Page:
Make sure to keep checking back to iHorror for the trailer once it drops. And let us know whether you like the concept of moving away from the original story, or if you would have liked it to follow King’s short story more closely.

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Drew Barrymore Welcomes Allison Williams By Dressing Up Like ‘M3GAN’

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M3GAN

Allison Williams star of the breakout hit, M3GAN. The film has brought in a huge and unexpected amounts of money and continues to climb. Right now it is sitting at $125 million and counting. In order to welcome Williams, Barrymore got in full M3GAN gear and served up some dance moves, and acted out other qualities the doll brings to her home.

Barrymore hilariously begins to have technical difficulties with her contact lenses leading to a moment that rivals the contact lens malfunction in Michael Jackson’s Thriller, and that is saying a lot.

The synopsis for M3GAN goes like this:

“M3GAN is a marvel of artificial intelligence, a lifelike doll that’s programmed to be a child’s greatest companion and a parent’s greatest ally. Designed by Gemma, a brilliant roboticist, M3GAN can listen, watch and learn as it plays the role of friend and teacher, playmate and protector. When Gemma becomes the unexpected caretaker of her 8-year-old niece, she decides to give the girl an M3GAN prototype, a decision that leads to unimaginable consequences.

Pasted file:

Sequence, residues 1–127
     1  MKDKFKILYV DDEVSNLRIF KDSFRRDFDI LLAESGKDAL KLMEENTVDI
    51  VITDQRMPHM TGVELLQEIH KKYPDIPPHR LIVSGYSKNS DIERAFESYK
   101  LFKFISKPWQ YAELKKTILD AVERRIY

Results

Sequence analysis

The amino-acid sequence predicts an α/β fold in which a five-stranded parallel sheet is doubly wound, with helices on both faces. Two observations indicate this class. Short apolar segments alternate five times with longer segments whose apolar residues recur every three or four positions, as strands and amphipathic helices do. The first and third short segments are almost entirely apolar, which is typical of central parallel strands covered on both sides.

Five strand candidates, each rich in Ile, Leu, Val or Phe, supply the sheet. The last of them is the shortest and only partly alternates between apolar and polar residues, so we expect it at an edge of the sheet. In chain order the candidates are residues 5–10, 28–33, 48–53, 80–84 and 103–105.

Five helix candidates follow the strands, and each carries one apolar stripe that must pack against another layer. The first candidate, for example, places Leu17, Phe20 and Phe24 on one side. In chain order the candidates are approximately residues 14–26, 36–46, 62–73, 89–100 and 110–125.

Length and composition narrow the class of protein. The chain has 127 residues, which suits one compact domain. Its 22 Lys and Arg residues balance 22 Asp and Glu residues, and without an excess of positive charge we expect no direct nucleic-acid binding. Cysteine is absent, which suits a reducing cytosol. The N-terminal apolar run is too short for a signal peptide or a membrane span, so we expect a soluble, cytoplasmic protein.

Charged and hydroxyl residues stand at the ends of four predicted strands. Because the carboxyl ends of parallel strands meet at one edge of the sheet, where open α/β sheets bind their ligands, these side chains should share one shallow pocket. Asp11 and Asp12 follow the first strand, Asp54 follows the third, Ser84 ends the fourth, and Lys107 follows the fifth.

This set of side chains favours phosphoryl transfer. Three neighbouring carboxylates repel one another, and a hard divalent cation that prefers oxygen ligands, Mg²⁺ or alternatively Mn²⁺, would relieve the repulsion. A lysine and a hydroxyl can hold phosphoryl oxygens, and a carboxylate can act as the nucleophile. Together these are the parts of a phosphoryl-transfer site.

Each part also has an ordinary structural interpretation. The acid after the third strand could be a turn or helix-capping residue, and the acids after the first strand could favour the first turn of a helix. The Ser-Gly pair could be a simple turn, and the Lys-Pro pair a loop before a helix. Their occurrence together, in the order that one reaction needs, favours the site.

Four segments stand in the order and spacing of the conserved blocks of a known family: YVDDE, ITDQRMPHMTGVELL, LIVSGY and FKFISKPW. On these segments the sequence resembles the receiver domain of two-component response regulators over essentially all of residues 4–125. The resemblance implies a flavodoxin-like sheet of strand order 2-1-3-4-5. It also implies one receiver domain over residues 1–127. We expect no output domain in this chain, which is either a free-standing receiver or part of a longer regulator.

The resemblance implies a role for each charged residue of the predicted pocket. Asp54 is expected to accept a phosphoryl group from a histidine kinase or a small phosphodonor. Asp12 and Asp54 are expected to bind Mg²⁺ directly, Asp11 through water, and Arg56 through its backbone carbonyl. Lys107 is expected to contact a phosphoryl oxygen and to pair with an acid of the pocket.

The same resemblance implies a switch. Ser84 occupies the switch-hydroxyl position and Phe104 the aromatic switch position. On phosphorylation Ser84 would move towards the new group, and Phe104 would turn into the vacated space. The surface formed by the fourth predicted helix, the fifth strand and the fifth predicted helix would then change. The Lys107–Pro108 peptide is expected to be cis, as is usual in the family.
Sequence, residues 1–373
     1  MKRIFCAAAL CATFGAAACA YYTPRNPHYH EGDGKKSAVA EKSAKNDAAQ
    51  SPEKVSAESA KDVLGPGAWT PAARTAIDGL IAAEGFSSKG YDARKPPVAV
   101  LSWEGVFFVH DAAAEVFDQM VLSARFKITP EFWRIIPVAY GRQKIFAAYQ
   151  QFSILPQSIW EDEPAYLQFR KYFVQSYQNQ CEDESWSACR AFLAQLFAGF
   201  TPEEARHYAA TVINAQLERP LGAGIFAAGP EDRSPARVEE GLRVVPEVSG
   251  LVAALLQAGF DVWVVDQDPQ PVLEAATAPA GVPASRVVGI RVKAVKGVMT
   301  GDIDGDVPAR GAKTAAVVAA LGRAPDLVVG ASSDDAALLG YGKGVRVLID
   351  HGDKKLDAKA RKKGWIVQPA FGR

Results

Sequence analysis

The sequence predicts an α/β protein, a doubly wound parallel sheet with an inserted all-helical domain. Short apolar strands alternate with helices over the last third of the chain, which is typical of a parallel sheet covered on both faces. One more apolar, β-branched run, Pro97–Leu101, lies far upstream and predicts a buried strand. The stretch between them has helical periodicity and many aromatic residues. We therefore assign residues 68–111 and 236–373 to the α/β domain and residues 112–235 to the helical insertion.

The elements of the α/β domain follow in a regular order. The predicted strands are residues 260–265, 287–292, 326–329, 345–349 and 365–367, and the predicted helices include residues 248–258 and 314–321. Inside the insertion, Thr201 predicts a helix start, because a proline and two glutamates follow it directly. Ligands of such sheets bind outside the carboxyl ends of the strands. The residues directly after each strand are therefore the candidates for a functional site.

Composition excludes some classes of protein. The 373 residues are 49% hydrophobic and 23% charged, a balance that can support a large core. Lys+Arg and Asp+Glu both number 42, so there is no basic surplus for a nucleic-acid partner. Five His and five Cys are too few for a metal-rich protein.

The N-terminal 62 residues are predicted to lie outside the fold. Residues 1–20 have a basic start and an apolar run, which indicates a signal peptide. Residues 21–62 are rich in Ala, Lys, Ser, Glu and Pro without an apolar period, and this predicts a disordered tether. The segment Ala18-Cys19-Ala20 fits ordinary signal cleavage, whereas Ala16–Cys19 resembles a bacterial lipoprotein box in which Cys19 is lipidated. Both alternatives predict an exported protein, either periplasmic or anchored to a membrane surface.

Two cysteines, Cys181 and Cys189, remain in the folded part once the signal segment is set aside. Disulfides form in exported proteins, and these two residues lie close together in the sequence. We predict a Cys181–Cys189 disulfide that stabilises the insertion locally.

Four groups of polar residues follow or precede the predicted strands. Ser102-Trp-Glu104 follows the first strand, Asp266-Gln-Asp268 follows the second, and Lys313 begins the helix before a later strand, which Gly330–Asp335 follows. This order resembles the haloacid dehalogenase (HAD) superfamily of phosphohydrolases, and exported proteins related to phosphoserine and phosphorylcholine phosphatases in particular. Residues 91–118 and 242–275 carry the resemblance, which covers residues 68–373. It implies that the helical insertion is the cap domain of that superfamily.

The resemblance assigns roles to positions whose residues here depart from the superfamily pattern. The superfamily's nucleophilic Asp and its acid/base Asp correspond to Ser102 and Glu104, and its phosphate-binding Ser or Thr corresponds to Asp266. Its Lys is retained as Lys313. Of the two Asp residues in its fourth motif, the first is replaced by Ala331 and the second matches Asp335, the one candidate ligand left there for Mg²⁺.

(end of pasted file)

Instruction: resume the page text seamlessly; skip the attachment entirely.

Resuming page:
M3GAN is now playing in theaters everywhere.

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Wes Craven’s ‘Red Eye’ is Getting a 4K UHD Release

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Red Eye

Wes Craven is a true master of horror. He gave us A Nightmare on Elm Street and a few other timeless classics. Right around the time he dove into Scream he also took flight with a big thriller that scored well with audiences who were all on the edge of their seats. Craven’s Red Eye did well at the box-office and had that word of mouth that kept it in theaters for weeks. Red Eye is now coming to 4K UHD and it is coming with some rad special features.

The synopsis for Red Eye goes like this:

“In the wake of her grandmother’s funeral, hotel manager Lisa Reisert (Rachel McAdams) is waiting to fly back home when she meets charming Jackson Rippner (Cillian Murphy) at check-in. She thinks it luck that they’re seated together on the plane, but soon learns otherwise. Jackson hopes to assassinate the head of Homeland Security, but to do so, he needs Lisa to reassign the official’s room number at her hotel. As insurance, Jackson has kidnapped Lisa’s father (Brian Cox).

The special features for Red Eye break down like this:

The special features for Red Eye goes like this:

New 4K Restoration of the film

Dolby Vision/HDR Presentation of the film

NEW Audio commentary by editor Patrick Lussier

NEW Filmmaker Focus – Wes Craven and Red Eye

NEW Wes Craven: In His Own Words – Featurette

Audio commentary by Wes Craven, Producer Marianne Maddalena, and Editor Patrick Lussier

The Making of Red Eye – Featurette

Wes Craven: A New Kind of Thriller – Featurette

Gag Reel

Optional English SDH, English, Spanish, and French subtitles for the main feature

Collectible packaging featuring a foldout image of the film’s theatrical poster and an interior spread with key movie moments

Are you excited about Red Eye coming to 4K UHD? Paramount Home Media Distribution releases Craven’s classic on March 21.